Singer offers a thought experiment that has seen many variations over the years, but a basic version goes like this. Imagine you’re walking to class feeling pretty good about how great you look in your brand new $200 shoes. And soon you pass by a shallow pond. Suddenly, you notice a small child flailing in the water. No one else is around. The pond is shallow, but the child has lost her footing and she can’t get her head above water. As you watch, the flailing stops. You realize there’s very little time.

You could easily wade into the water and pull her to safety. But if you take the time to remove your shoes, it’ll be too late. You know the muddy water will ruin your new purchase.

So, what do you do? Singer’s pretty sure that we’d all give the same answer. Shoes are replaceable; that child’s life is not. So, none of us would think twice about running in to save her.

But what exactly would be wrong if you decided not to save the child? Singer says it comes down to costs and benefits. The cost of your shoes is so low compared to the value of the child’s life, that it would be appalling not to make that sacrifice to value shoes over a person’s life. But here’s the thing: we know children are dying right now – 12 every minute – and yet we do nothing. So, what’s the difference, Singer asks, between a life in front of us and a life halfway around the world?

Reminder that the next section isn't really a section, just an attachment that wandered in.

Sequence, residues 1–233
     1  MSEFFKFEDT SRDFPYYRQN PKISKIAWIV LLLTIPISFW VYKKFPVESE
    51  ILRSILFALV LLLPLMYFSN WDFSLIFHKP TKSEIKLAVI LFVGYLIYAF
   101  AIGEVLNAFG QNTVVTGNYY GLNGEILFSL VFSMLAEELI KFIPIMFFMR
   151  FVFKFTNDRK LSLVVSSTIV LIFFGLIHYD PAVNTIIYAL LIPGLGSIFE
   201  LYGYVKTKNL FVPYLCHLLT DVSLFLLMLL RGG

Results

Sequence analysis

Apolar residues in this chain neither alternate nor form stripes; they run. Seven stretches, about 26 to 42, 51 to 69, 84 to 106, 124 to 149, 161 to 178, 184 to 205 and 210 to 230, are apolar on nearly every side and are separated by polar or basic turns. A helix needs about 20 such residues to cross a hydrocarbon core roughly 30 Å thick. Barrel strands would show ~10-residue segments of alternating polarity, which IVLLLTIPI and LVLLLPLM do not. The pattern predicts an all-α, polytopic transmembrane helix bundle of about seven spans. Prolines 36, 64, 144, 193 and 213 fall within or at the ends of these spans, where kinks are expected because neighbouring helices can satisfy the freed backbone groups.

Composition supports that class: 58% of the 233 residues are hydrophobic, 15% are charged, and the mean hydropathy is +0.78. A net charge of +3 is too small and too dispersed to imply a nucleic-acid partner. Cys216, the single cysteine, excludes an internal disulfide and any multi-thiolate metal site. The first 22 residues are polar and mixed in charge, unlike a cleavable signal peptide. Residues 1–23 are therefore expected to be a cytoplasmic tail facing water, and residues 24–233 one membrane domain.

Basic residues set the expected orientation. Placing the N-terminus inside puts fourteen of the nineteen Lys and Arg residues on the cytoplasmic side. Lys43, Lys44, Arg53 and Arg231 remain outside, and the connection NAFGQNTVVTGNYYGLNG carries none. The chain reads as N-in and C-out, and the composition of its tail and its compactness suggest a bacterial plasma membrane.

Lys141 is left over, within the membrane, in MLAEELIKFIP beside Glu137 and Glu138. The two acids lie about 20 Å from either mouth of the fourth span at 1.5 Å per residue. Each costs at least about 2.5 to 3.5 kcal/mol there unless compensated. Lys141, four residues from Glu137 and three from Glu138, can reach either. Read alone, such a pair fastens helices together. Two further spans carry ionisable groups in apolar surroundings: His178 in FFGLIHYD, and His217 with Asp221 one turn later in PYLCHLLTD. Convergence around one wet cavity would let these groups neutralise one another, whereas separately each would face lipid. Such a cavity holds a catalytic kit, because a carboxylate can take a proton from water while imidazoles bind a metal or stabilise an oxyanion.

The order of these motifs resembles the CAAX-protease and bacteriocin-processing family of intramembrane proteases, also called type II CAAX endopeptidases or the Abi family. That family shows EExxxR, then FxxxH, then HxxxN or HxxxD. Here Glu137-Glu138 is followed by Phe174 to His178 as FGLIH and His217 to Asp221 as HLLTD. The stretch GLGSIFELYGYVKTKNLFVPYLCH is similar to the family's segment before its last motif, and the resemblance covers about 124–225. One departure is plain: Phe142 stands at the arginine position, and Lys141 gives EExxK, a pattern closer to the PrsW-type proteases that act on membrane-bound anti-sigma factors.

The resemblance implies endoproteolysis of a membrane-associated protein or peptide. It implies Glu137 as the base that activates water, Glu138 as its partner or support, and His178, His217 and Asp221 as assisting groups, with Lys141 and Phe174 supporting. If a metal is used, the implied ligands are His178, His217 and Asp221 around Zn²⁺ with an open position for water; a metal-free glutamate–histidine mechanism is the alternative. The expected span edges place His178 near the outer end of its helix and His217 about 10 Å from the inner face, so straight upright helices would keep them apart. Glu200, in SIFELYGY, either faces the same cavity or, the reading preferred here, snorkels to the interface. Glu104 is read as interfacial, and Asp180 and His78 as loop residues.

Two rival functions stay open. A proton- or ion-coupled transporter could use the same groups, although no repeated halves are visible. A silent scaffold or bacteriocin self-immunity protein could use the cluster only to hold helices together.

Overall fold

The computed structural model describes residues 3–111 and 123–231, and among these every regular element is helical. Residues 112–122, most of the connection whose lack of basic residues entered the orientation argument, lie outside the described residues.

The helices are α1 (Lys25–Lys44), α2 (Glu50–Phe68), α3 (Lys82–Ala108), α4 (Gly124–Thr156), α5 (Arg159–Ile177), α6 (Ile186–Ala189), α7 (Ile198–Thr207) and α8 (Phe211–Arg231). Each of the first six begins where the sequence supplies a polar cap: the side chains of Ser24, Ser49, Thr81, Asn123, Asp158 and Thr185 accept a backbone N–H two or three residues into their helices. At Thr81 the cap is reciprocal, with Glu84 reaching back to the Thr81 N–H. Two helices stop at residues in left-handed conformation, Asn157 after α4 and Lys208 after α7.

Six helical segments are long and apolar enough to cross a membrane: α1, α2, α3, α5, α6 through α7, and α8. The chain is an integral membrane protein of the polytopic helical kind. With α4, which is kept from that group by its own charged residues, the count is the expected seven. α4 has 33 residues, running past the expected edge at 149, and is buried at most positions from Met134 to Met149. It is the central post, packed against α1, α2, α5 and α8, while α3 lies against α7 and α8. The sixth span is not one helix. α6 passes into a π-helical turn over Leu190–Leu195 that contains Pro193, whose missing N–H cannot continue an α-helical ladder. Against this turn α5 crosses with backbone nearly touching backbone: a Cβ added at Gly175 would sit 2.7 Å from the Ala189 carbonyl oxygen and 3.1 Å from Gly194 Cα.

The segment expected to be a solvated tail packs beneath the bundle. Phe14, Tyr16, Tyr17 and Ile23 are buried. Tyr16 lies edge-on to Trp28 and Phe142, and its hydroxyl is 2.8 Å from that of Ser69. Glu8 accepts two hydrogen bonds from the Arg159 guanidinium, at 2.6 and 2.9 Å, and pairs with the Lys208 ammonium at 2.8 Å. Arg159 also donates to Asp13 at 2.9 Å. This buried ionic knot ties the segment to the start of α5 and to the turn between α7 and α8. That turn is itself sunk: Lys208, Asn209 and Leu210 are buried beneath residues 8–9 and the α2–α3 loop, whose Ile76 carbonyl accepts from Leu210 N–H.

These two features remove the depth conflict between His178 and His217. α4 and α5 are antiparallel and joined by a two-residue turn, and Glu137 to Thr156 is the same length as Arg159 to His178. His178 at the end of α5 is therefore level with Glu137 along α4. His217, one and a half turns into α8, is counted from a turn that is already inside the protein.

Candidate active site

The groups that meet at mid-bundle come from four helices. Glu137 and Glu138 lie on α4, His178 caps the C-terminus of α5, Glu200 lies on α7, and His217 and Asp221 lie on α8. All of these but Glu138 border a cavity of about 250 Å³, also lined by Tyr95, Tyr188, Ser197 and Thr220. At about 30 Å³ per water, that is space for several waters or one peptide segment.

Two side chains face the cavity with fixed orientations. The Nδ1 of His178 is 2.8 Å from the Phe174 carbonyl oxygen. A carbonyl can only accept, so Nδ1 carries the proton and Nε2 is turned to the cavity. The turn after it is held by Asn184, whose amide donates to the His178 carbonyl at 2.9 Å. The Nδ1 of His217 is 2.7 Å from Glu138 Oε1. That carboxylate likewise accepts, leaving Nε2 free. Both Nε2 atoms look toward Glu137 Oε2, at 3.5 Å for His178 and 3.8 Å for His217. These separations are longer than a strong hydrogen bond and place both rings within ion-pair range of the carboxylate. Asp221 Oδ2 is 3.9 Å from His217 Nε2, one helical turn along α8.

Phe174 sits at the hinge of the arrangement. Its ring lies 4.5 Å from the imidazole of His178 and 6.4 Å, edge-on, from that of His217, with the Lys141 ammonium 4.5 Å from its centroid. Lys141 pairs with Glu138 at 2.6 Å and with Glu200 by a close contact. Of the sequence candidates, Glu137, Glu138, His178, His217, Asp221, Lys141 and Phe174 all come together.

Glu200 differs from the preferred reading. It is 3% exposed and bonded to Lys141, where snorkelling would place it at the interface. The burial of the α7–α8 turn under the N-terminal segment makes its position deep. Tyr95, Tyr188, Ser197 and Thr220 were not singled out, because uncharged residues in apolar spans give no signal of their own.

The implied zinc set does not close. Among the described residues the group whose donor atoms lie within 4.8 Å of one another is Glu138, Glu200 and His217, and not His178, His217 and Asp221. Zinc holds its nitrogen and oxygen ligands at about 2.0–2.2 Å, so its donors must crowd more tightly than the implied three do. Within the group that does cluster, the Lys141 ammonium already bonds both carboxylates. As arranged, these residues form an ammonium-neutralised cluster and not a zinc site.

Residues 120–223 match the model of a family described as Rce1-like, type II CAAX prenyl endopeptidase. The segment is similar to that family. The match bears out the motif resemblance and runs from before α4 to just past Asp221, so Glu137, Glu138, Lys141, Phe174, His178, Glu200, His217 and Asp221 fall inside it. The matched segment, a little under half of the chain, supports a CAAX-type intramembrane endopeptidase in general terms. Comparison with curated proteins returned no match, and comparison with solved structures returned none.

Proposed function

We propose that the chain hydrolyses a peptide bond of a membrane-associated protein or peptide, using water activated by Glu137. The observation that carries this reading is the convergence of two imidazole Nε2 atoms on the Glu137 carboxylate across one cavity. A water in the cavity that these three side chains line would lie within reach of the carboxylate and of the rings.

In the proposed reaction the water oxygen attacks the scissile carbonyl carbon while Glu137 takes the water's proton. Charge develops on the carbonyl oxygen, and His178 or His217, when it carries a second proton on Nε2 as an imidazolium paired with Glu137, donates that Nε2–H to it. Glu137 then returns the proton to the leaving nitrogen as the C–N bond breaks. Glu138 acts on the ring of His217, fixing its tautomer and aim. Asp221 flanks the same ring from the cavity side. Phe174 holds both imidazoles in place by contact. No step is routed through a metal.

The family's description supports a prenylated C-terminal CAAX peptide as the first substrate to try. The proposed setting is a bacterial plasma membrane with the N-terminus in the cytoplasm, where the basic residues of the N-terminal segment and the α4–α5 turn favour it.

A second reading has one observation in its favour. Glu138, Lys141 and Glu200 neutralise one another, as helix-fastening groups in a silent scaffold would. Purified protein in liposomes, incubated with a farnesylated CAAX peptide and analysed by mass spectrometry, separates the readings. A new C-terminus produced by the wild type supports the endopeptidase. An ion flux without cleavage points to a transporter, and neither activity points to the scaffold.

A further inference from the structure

“A life is a life, and both the child in the pond and the child dying of malaria are equally innocent.”

“If we do wrong in failing to save the child in the pond, Singer argues, we do equally wrong in failing to save some of those children who we know are dying right now.”

Thanks, Thought Bubble.

Singer argues that, if you can prevent great harm at a little cost to yourself, you should do it. And when you look at it like that, it’s hard to disagree with him. But his thought experiment points out some huge inconsistencies in our moral thinking.

Most of us don’t feel the weight of obligation to help dying children we can’t see, but at the same time we think we would have an obligation to help a dying child right in front of us.

What does it matter whether we can see the child or not? Some people argue the difference is that, in the thought experiment there’s no one else around. You’re the only one who can help, so you must.

But what if there were many people standing around that pond, but no one else was willing to save the child? Would that then make your inaction more excusable? Why would it? Singer argues that ...

It doesn’t matter what everyone else is doing. You are in control of your actions.

So, if you see a need and you know you can help, you must, even if there are others who could, but don’t.